itations due to emotional problems, social function, and
vitality (21). The scoring algorithm described by Ware and
colleagues was used to develop raw scores (0 –100 scales),
where lower scores indicate poorer performance on that
scale (22). Bodily pain and limitations with physical function have been cited as the 2 most important reasons to
undergo joint replacement (1–3) and are most responsive
to improvement after joint replacement (7,23). In following
the practice of other authors (8), we selected these 2 domains for primary analyses.
At 1, 6, and 12 months postoperatively, SF-36 surveys
were collected by telephone interview. The SF-36 questionnaire asks patients to recall their QOL over the last
1-month period. At the 1-month postoperative interview,
patients were asked to recall their QOL during the previous week (SF-36, acute version) (22). For patients with
partial followup QOL data, visits with missing data were
deleted from analysis. At each of the time periods, there
were no significant differences with respect to sex, age,
obesity, number of comorbidities, surgical site, or marital
status between patients with missing data and those with
complete data. For all analyses described, P values ⬍0.05
were considered statistically significant.
Correlate variables. Based on the findings observed in
previous joint replacement studies, preoperative QOL and
7 additional characteristics were identified as important
correlates of postoperative QOL (4,6,8,9,11–13,24,25).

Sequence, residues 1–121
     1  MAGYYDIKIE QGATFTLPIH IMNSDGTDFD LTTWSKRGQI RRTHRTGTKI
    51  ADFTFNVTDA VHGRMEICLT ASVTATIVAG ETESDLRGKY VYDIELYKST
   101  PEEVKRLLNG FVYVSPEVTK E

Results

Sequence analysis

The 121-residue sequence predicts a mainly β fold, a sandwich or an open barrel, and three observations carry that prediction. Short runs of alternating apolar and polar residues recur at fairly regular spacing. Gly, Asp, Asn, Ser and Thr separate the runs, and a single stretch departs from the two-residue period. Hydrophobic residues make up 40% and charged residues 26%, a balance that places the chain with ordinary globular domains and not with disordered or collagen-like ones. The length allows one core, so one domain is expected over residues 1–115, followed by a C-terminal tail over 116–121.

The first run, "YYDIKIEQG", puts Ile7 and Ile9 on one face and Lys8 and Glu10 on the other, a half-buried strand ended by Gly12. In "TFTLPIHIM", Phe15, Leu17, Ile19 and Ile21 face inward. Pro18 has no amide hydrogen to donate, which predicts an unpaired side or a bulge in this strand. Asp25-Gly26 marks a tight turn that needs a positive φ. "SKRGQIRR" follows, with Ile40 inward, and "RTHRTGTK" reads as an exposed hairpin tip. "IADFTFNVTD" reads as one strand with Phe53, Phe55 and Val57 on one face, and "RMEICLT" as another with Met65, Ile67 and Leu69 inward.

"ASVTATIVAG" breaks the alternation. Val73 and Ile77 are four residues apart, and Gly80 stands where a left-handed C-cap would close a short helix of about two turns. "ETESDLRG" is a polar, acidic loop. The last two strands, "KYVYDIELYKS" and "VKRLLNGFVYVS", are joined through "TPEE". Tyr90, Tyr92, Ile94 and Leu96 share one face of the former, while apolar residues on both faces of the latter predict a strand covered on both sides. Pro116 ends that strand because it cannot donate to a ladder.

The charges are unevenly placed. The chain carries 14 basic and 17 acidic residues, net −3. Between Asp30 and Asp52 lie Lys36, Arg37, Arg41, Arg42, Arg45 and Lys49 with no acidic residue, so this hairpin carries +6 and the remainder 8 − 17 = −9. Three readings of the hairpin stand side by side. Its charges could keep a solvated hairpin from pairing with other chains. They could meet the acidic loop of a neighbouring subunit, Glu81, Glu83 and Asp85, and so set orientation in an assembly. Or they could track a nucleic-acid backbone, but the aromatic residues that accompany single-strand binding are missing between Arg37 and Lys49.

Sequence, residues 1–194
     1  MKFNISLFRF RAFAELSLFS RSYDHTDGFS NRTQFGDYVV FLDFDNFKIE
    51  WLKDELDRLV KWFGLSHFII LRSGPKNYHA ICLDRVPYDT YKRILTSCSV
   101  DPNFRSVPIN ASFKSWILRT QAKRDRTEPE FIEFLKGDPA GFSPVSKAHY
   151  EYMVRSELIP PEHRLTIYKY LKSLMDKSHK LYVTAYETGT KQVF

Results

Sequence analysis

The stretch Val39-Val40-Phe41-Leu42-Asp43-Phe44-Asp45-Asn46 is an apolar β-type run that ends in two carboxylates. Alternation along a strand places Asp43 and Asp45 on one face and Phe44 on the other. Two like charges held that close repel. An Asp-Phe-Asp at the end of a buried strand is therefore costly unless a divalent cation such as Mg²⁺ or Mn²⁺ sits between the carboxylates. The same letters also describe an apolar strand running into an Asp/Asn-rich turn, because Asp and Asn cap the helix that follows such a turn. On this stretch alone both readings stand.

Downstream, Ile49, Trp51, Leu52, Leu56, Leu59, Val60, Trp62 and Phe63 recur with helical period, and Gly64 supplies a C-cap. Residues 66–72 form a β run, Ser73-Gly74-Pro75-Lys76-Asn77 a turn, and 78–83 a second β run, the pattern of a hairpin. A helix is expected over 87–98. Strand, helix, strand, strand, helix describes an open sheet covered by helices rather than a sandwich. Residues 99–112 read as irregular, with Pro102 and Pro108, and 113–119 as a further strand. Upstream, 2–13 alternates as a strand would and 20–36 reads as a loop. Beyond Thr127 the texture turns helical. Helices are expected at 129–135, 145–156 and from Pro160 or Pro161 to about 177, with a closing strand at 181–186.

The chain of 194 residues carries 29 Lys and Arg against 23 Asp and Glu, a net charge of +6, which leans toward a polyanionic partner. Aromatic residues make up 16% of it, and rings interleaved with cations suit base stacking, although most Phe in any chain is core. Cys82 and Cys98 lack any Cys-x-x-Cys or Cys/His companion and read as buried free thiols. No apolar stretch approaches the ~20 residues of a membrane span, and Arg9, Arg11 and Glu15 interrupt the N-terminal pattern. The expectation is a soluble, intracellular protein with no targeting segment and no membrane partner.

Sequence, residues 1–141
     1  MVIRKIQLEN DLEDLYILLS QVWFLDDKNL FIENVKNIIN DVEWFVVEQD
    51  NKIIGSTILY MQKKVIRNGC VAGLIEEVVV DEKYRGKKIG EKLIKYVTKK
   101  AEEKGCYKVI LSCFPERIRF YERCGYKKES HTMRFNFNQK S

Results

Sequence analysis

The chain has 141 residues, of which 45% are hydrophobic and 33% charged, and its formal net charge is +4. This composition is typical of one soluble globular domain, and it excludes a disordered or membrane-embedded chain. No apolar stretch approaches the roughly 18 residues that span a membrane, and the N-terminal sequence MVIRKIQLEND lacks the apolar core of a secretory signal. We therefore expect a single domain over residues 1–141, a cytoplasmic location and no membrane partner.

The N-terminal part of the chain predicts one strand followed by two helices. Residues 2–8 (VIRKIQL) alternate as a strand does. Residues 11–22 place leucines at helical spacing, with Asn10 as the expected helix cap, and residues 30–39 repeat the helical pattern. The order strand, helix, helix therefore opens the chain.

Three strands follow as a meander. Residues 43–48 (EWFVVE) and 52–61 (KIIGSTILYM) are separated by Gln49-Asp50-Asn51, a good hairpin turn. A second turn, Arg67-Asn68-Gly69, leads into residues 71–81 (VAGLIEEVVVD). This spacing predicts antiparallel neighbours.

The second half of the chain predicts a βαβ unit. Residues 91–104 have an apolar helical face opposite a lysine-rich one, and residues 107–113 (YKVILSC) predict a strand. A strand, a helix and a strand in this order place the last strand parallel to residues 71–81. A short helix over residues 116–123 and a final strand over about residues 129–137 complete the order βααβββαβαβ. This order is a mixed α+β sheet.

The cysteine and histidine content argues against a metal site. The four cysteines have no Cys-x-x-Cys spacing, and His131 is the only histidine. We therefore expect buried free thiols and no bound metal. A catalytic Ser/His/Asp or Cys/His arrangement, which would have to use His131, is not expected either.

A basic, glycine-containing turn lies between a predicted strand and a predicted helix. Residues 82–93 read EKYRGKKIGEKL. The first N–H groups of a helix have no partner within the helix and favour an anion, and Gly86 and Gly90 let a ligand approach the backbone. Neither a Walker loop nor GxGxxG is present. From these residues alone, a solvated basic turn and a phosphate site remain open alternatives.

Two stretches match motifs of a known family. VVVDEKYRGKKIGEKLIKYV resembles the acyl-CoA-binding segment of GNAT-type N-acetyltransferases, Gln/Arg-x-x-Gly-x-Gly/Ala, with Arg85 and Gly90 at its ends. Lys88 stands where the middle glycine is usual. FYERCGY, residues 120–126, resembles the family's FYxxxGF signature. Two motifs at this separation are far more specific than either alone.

These characteristics included sex, age, obesity, surgical
site (hip versus knee), bilateral replacement (versus unilateral replacement), social support, and number of comorbidities. In this analysis, age was categorized into 3 groups
(⬍65 years, 65–74 years, and ⱖ75 years), which closely
approximated the lowest quartile, 2 median quartiles, and
the upper age quartile. Body mass index (BMI) was also
categorized into 3 groups (⬍25 kg/m2, 25–30 kg/m2, and
⬎30 kg/m2), which closely approximated the lowest quartile, 2 median quartiles, and the upper quartile of BMI.
Patients with BMI ⬍25 kg/m2 are at low risk for adverse
medical events attributable to obesity, whereas patients
with BMI ⱖ30 kg/m2 are of moderate attributable risk for
adverse medical events (26). BMI ⱖ30 kg/m2 has been
associated with potential negative joint replacement outcomes (27). The 26 medical comorbidities required to calculate the Charlson comorbidity index (28) were collected.
Given the low frequency of comorbidity in this sample, the
categories were simply summed and reported as 0, 1, and
2 or more comorbidities. Finally, social support was defined as a dichotomous variable based on patients’ marital
and living status. Patients who indicated during the preoperative interview that they were married or were living
with someone were defined as having more social support
than those stating they were not married and living alone.
Statistical methods. Means and proportions were calculated for the entire sample and separately for hip and knee
replacement patients for each of the 7 characteristics and
preoperative bodily pain and physical function. Hip replacement and knee replacement patients were compared
in terms of their preoperative characteristics using chi-
FitzGerald et al
Table 1. Missing followup response pattern for bodily pain and physical function for
222 study patients
Missing data points
Bodily pain
Physical function
1 month
6 month
12 month
33 (from 31 patients)
32 (from 31 patients)
* Two patients with missing bodily pain 1- and 6-month data.
† One patient with missing physical function 1- and 6-month data.
square and t-tests as appropriate. Few statistically significant preoperative differences were found between the
groups, and both groups were combined for subsequent
analyses to consolidate findings and increase the power of
the analyses.
Unadjusted preoperative mean bodily pain and physical